Rabbi Yitzchak Eliezer Yakav. (Kobi Gideon / Flash90) Kobi Gideon / Flash90
Rabbi Yitzchak Eliezer Yakav, the chief slaughterer from the Chief Rabbinate of Israel

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In order to eat meat, animals must be of a kosher species and must be slaughtered in accordance with ritual law.

By Rabbi Ari Enkin, Rabbinic Director, United with Israel

This week’s Torah portion is “Reeh” (Deuteronomy 12:21) and in it we read about the laws of kosher. In this article we will focus on one particular aspect of kosher eating and that is “shechita” – kosher slaughter of animals.

In order to eat meat, animals must be slaughtered “as I have instructed you.” However, if one was to analyze the Torah backwards and forwards one will not find any instructions anywhere on how kosher slaughter is to be performed.

As such, this is one of several passages that allude to an “oral Torah” and oral tradition on how to practice Judaism handed down from Moses to Joshua and onward from teacher to student. It is these traditions that make up the Talmud. Not everything is in the Torah.

But back to kosher slaughter. Of course, it does not help to properly slaughter an animal that is of a forbidden species. The only animals that may be eaten are animals that chew their cud (“ruminants”) and have fully cloven hooves.

Hence, we need two features to permit meat: 1. a kosher species 2. that was slaughter as required. One without the other makes the meat completely forbidden. Fish do not require kosher slaughter and any fish with fins and scales may be consumed. Birds that “have a tradition of being kosher” may be eater after kosher slaughter. Such birds most famously include chickens, most ducks, and most breeds of Turkey, among several others.

The rabbi who slaughters animals is known as a “shochet”. The training to become a shochet is rigorous and demanding. There are hundreds if not thousands of laws that a shochet must master before being permitted perform shechita. Every community in history had shochets who would serve the community as it was very uncommon for the average person, even a rabbi, to do shechita on his own. It is indeed a specialization. As such, the shochet was a highly respected member of the community second only to the chief rabbi.

The special knife used for shechita is known as a “sakin” or “chalaf” and must be longer than the neck of the animal it is being used to slaughter. As such, shechita knives generally come in two sizes, “bird size” and “animal size”. The shechita procedure essentially requires the windpipe and food pipe (trachea and esophagus) to be severed. Shechita is intended to cause a rapid drop in blood pressure in the brain and loss of consciousness. This in turn renders the animal insensitive to pain with death occurring in seconds. If the shochet did not sever the entirety of both the trachea and esophagus, then an animal may still be considered kosher as long the majority the trachea and esophagus are found to have been severed.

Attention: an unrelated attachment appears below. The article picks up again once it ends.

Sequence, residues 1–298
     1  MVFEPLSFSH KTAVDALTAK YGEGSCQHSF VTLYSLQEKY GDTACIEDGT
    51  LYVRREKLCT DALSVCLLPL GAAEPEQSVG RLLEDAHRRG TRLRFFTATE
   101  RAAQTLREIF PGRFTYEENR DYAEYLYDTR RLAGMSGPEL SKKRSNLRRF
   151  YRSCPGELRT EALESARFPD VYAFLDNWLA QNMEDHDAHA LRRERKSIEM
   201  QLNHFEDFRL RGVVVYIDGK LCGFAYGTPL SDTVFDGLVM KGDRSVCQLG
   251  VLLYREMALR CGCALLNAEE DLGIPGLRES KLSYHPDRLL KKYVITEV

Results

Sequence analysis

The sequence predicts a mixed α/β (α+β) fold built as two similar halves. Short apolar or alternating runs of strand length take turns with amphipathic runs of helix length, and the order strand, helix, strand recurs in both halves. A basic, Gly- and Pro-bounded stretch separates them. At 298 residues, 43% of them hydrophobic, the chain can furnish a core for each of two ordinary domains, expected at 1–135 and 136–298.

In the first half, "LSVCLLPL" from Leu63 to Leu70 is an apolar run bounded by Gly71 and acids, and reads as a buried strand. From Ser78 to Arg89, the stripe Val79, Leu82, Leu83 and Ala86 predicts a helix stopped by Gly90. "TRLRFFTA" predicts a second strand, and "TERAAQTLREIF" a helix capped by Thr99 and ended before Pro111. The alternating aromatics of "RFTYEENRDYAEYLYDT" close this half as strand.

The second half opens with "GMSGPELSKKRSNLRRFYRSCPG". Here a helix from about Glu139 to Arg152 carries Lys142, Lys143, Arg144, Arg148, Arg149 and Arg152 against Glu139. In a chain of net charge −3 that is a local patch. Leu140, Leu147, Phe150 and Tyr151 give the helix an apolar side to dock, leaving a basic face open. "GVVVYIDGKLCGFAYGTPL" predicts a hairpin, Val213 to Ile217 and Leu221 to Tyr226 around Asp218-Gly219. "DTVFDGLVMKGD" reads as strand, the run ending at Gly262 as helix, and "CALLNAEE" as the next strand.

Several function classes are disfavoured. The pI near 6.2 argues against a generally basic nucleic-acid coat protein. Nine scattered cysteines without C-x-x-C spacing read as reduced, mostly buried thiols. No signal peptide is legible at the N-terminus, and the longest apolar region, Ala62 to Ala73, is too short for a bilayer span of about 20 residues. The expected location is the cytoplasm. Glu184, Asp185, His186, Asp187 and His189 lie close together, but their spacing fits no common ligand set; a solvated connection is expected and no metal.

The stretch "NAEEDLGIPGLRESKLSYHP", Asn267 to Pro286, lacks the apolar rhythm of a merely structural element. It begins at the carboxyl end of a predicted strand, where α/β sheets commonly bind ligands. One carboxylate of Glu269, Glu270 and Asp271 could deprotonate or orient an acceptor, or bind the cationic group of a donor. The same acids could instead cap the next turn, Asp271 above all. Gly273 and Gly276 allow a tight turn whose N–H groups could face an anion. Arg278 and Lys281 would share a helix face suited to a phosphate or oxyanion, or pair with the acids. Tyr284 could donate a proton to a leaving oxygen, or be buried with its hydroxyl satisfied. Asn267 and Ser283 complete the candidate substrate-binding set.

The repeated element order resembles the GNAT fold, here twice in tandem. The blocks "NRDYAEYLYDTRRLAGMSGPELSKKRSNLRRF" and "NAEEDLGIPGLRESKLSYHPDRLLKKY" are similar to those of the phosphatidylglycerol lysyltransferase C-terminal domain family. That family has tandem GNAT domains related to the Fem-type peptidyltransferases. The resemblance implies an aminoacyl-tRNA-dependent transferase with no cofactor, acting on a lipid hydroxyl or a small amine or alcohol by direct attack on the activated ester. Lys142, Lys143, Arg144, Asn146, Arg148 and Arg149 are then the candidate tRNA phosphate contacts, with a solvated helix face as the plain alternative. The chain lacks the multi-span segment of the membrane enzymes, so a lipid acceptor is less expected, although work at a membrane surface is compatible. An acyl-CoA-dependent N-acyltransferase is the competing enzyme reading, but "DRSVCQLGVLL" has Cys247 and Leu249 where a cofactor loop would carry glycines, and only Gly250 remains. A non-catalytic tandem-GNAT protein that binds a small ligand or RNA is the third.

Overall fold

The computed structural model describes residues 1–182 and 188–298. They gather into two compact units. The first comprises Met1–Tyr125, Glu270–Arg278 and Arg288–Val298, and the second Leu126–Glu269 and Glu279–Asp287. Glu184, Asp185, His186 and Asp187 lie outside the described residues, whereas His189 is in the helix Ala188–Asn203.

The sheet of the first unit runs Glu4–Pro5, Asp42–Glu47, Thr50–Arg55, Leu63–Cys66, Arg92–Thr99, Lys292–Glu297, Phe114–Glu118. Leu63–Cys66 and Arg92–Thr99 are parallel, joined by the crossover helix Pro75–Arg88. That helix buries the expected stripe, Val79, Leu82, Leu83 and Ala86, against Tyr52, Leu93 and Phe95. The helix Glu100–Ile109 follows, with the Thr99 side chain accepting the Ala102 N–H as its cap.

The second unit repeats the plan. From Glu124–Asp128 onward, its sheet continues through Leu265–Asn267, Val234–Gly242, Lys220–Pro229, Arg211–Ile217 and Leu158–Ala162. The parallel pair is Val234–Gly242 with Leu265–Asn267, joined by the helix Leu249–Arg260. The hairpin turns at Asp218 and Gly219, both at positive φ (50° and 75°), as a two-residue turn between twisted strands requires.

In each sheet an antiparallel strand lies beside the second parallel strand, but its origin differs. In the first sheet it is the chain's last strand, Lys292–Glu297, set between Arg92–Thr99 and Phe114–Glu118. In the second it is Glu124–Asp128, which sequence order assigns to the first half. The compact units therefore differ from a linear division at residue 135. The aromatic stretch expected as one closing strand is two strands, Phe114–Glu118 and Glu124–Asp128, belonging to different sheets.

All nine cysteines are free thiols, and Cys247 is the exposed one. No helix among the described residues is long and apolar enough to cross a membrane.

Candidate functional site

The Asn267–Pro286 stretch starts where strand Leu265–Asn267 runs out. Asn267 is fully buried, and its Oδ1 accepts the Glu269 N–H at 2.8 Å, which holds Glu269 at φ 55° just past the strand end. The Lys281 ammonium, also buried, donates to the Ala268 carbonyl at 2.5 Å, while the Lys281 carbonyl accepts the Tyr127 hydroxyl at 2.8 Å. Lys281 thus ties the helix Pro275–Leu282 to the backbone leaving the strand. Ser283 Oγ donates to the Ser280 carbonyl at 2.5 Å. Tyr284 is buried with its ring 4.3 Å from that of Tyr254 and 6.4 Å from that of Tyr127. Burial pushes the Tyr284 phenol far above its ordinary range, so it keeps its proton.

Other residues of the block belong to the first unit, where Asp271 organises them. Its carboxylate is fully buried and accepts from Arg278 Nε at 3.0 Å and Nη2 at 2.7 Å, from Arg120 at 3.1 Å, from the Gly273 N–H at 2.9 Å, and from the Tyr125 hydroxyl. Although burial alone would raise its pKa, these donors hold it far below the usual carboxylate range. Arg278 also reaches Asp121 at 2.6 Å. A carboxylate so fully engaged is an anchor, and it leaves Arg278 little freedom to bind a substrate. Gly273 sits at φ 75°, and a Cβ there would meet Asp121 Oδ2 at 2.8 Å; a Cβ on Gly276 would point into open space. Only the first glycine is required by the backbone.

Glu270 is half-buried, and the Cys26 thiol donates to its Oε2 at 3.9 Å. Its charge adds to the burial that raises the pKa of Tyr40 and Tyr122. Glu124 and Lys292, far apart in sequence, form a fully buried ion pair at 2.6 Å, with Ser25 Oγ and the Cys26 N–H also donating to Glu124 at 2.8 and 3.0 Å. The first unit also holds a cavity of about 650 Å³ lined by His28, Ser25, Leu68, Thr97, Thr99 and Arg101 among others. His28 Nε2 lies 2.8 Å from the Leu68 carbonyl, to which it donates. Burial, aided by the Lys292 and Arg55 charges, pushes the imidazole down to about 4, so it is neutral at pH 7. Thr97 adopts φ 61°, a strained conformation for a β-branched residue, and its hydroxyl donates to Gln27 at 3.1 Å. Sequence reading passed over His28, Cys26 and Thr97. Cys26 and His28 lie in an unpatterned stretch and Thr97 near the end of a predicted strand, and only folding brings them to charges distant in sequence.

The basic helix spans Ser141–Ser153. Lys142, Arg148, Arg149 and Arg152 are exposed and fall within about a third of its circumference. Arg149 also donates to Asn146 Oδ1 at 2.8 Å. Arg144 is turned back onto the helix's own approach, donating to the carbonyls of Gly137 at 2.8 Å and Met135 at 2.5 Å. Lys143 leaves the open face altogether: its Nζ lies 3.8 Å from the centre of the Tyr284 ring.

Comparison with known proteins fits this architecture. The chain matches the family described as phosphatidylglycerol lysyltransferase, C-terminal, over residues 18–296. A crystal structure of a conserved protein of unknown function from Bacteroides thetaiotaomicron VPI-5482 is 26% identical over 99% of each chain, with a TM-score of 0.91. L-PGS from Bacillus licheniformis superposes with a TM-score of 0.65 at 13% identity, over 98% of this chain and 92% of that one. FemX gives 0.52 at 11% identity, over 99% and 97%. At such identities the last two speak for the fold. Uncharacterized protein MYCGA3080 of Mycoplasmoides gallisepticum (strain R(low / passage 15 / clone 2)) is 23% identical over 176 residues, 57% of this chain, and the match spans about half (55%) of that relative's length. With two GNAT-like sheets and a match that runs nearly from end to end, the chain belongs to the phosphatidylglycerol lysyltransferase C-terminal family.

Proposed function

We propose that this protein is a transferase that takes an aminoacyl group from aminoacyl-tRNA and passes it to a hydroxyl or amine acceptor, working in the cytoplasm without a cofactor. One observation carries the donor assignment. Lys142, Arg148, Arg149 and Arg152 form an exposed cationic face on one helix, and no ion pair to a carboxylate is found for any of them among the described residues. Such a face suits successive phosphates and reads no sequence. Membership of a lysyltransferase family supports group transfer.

There are five principles to kosher slaughter, a topic that the shochet-in-training spends months studying and mastering, which we will summarize here. If any of these five principles is violated the animal is not kosher.

Shehiyah (“delay” or “pausing”) – Any pause in the course of slaughter makes the animal non-kosher. The knife must be moved across the neck in an uninterrupted motion until the trachea and esophagus are sufficiently severed. This is usually accomplished in one slice, though additional “back and forth” is acceptable when needed as long as the motion is continuous.

Derasah (“pressing” or “hacking”) – The knife must be drawn across the neck by a back-and-forth movement. The animal may not be killed by an act of chopping, hacking, or slicing without moving the knife back and forth.

Haladah (“covering”) – The back of the knife must be visible at all times. The knife may not be covered by fur and the like.

Hagramah (“slaughtering in the wrong location”) – The slaughter must be in the done through the neck. Cutting or killing the animal via any other wound is forbidden. Anywhere in the neck is legitimate, with the neck defined as from the large ring in the windpipe to the top of the upper lobe of the lung when it is inflated. As such, you can slaughter a giraffe anywhere on its long neck…if you can catch one.

Ikur (“tearing”) – If either the esophagus or the trachea is torn during the slaughter the animal is rendered non-kosher. Ikur can occur, for example, if the esophagus or trachea is torn by a knife that has nicks or other imperfections in it. In order to avoid this problem, a shechita knife is examined frequently, sometime after every single slaughter.